MECHANISMS IN ENDOCRINOLOGY: Aberrations of the X chromosome as cause of male infertility

Eur J Endocrinol. 2017 Nov;177(5):R249-R259. doi: 10.1530/EJE-17-0246. Epub 2017 Jun 13.

Abstract

Male infertility is most commonly caused by spermatogenetic failure, clinically noted as oligo- or a-zoospermia. Today, in approximately 20% of azoospermic patients, a causal genetic defect can be identified. The most frequent genetic causes of azoospermia (or severe oligozoospermia) are Klinefelter syndrome (47,XXY), structural chromosomal abnormalities and Y-chromosomal microdeletions. Consistent with Ohno's law, the human X chromosome is the most stable of all the chromosomes, but contrary to Ohno's law, the X chromosome is loaded with regions of acquired, rapidly evolving genes, which are of special interest because they are predominantly expressed in the testis. Therefore, it is not surprising that the X chromosome, considered as the female counterpart of the male-associated Y chromosome, may actually play an essential role in male infertility and sperm production. This is supported by the recent description of a significantly increased copy number variation (CNV) burden on both sex chromosomes in infertile men and point mutations in X-chromosomal genes responsible for male infertility. Thus, the X chromosome seems to be frequently affected in infertile male patients. Four principal X-chromosomal aberrations have been identified so far: (1) aneuploidy of the X chromosome as found in Klinefelter syndrome (47,XXY or mosaicism for additional X chromosomes). (2) Translocations involving the X chromosome, e.g. nonsyndromic 46,XX testicular disorders of sex development (XX-male syndrome) or X-autosome translocations. (3) CNVs affecting the X chromosome. (4) Point mutations disrupting X-chromosomal genes. All these are reviewed herein and assessed concerning their importance for the clinical routine diagnostic workup of the infertile male as well as their potential to shape research on spermatogenic failure in the next years.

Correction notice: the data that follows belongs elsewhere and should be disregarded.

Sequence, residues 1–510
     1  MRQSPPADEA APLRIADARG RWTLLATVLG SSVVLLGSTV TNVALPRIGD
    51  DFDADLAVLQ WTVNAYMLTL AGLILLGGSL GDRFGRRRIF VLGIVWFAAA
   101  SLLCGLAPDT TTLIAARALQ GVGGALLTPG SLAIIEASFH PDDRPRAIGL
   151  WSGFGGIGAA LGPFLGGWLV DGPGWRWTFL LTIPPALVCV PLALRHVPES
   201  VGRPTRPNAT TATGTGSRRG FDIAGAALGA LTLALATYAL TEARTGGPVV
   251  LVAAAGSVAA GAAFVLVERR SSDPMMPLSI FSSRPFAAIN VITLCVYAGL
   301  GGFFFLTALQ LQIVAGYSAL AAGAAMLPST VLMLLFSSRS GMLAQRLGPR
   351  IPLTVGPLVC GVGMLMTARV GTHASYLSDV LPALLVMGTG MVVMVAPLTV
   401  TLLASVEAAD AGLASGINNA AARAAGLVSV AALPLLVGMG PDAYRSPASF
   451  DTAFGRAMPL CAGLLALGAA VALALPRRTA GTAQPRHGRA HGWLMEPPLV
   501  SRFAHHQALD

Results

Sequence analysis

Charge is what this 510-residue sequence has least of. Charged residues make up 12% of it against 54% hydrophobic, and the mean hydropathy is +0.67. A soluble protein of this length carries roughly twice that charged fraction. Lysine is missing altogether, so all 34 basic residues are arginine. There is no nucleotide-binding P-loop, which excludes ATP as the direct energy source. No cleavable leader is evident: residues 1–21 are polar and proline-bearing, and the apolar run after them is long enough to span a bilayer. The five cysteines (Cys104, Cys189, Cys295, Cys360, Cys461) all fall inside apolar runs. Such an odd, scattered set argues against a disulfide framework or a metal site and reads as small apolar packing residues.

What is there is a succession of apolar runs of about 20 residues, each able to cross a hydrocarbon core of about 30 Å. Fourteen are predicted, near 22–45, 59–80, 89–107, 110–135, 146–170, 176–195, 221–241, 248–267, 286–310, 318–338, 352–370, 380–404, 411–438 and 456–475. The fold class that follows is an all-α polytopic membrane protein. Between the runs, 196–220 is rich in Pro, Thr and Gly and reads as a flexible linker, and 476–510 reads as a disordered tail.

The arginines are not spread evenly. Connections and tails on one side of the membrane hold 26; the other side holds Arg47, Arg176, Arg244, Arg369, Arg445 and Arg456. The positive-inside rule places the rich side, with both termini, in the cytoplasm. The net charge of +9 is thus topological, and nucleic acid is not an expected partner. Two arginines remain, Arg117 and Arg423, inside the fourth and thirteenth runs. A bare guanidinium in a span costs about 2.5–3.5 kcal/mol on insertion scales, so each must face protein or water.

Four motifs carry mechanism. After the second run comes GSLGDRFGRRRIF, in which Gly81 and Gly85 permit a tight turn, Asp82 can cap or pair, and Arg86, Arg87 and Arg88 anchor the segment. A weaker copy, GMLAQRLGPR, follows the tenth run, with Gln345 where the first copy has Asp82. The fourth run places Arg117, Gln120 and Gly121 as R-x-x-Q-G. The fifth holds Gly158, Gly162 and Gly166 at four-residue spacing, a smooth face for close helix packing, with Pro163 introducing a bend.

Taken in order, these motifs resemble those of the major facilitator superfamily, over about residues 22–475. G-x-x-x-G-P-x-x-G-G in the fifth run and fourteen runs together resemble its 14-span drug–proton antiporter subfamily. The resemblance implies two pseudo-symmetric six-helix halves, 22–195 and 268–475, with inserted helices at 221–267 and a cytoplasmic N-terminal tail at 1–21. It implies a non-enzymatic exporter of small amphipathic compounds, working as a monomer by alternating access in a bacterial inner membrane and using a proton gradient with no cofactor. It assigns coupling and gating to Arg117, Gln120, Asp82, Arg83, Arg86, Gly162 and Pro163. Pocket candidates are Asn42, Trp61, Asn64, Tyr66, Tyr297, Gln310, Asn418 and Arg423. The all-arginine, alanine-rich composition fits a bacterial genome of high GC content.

Publication types

  • Review

MeSH terms

  • Azoospermia / diagnosis
  • Azoospermia / genetics
  • Azoospermia / therapy
  • Chromosomes, Human, X / genetics*
  • Humans
  • Infertility, Male / diagnosis*
  • Infertility, Male / genetics*
  • Infertility, Male / therapy
  • Male
  • Sperm Injections, Intracytoplasmic / methods
  • Spermatogenesis / genetics